With the Redskins mired in a second-straight year of contract squabbles with their starting quarterback, it's obvious the team does not see the same value that Kirk Cousins sees for himself. 

Looking last week at a series of comments from Cousins and his agent Mike McCartney, it's obvious the passer sets his value with the franchise tag. This mindset makes sense, considering Cousins played on a one-year tag last year and is poised to do so again in 2017, making a combined $44 million along the way.

There is a school of thought that says the Redskins need to pay up for Cousins, regardless of the cost. Quarterbacks get paid exorbitant sums in the NFL, and Cousins has proved he can play at a high level the past two seasons.

Another school of thought is unsure what Cousins' true value is, and much of that is based on the quality of the Redskins offense and the QB's true role in it. Consider Andy Benoit of the MMQB.com in the latter camp.

Over the last two seasons Cousins has thrown for more than 9,000 yards and twice broke the franchise's single season passing record. The offense has largely looked efficient with Cousins at quarterback, and in flashes, has looked explosive.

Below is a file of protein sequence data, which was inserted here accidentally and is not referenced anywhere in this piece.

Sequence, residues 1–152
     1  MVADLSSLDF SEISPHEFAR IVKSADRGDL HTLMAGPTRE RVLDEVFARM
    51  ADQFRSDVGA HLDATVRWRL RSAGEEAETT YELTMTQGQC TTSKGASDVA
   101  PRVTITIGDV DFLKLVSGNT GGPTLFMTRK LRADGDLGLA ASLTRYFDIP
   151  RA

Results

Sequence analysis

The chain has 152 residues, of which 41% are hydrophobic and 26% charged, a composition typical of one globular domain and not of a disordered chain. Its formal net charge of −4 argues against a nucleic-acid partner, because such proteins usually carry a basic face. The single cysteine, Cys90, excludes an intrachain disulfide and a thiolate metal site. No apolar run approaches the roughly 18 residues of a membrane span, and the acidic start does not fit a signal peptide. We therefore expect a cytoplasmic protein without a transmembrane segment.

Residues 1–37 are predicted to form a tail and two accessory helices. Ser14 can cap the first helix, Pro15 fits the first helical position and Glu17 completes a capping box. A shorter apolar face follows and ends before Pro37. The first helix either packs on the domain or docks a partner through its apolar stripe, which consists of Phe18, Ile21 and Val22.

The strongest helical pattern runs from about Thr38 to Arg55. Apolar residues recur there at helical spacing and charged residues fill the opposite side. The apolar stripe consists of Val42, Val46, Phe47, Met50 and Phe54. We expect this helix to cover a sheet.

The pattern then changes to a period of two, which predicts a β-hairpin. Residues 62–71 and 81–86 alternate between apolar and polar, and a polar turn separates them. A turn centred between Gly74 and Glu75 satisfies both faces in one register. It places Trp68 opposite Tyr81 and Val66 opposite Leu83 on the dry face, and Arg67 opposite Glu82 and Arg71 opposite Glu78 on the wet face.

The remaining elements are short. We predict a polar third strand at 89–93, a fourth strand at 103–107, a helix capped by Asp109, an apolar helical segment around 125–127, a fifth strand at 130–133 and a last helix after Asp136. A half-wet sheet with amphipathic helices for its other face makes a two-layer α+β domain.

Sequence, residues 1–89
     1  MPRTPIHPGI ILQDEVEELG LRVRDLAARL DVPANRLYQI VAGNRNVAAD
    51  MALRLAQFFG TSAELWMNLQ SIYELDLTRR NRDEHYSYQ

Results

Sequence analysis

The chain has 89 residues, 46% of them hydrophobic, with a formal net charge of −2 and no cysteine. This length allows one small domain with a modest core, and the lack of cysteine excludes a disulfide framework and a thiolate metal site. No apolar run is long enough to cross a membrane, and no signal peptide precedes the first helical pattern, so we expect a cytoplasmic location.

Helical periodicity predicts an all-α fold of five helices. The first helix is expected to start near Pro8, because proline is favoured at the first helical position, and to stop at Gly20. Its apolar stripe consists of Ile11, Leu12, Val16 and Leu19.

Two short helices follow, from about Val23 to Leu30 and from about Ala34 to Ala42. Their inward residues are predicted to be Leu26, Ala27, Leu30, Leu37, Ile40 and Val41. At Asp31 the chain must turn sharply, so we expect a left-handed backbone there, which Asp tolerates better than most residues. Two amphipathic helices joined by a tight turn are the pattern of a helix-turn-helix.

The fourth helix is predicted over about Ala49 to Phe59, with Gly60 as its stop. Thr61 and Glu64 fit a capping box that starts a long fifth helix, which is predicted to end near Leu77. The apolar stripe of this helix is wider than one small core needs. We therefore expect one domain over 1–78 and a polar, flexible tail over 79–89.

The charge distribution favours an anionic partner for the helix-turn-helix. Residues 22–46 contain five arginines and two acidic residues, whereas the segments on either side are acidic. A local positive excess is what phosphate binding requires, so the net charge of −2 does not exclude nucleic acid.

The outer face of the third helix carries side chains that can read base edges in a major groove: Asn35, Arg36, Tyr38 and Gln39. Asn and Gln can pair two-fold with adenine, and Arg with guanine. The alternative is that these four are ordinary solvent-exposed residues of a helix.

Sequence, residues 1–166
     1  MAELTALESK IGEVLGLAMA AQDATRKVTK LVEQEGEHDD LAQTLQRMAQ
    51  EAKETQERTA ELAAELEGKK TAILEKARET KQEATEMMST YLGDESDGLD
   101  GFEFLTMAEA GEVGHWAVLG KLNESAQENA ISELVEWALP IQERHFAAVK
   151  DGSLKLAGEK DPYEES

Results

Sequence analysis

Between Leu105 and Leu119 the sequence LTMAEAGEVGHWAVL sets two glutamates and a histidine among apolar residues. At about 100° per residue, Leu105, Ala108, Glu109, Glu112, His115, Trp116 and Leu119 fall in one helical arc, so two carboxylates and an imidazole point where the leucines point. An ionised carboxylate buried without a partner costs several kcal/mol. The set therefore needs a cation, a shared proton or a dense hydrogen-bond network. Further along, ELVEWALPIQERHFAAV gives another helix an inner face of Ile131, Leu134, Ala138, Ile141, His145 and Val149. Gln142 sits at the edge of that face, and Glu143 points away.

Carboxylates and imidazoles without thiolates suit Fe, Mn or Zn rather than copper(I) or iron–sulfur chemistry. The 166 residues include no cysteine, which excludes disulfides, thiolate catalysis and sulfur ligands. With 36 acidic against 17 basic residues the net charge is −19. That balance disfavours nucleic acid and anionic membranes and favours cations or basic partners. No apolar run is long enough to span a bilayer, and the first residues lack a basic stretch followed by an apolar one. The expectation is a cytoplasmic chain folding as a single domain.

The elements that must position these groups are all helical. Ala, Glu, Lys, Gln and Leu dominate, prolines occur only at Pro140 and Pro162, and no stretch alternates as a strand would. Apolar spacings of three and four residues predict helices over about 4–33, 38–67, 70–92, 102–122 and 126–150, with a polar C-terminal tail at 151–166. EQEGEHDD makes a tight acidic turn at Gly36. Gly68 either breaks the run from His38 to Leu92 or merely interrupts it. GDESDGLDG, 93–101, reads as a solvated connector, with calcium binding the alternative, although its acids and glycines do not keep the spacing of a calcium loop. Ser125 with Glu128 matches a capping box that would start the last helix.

Yet, plenty of NFL folks, on and off the record, don't think Cousins is the engine driving the offense. Benoit's tweet makes clear he thinks Jay Gruden's offense is a bigger benefit to Cousins than the QB is to Gruden's offense. 

 

Consider that in 2014, Gruden's first year as coach, the Redskins passed for 4,047 yards. That season saw a combination of Robert Griffin III, Colt McCoy and Cousins start games for Washington, and plenty of subpar quarterback play. 

In 2015, Cousins took the reins and passed for 4,166 yards. The increase from the year before was slight, and that included a stellar final quarter of the season from Cousins. In 2016, Cousins passing yardage jumped to 4,917, but his touchdowns decreased and his interceptions increased by one. 

The reality here may be a chicken and egg scenario. Is Cousins good because of the offensive system? Or is the offensive system good because Cousins runs it? Remember, also, that some folks at Redskins Park believe Colt McCoy could produce similar numbers to Cousins at a much reduced cost. 

2017 will be a particularly interesting case study in this debate, as many of the key pieces of the offense have changed. DeSean Jackson and Pierre Garçon are gone, and Josh Doctson and Terrelle Pryor will take their place as the starting WRs. What impact will that have on Cousins numbers?

For the Redskins, weighing the system against the individual talents of Cousins may prove to be the hardest question to answer before the July 15 franchise tag negotiation deadline. 

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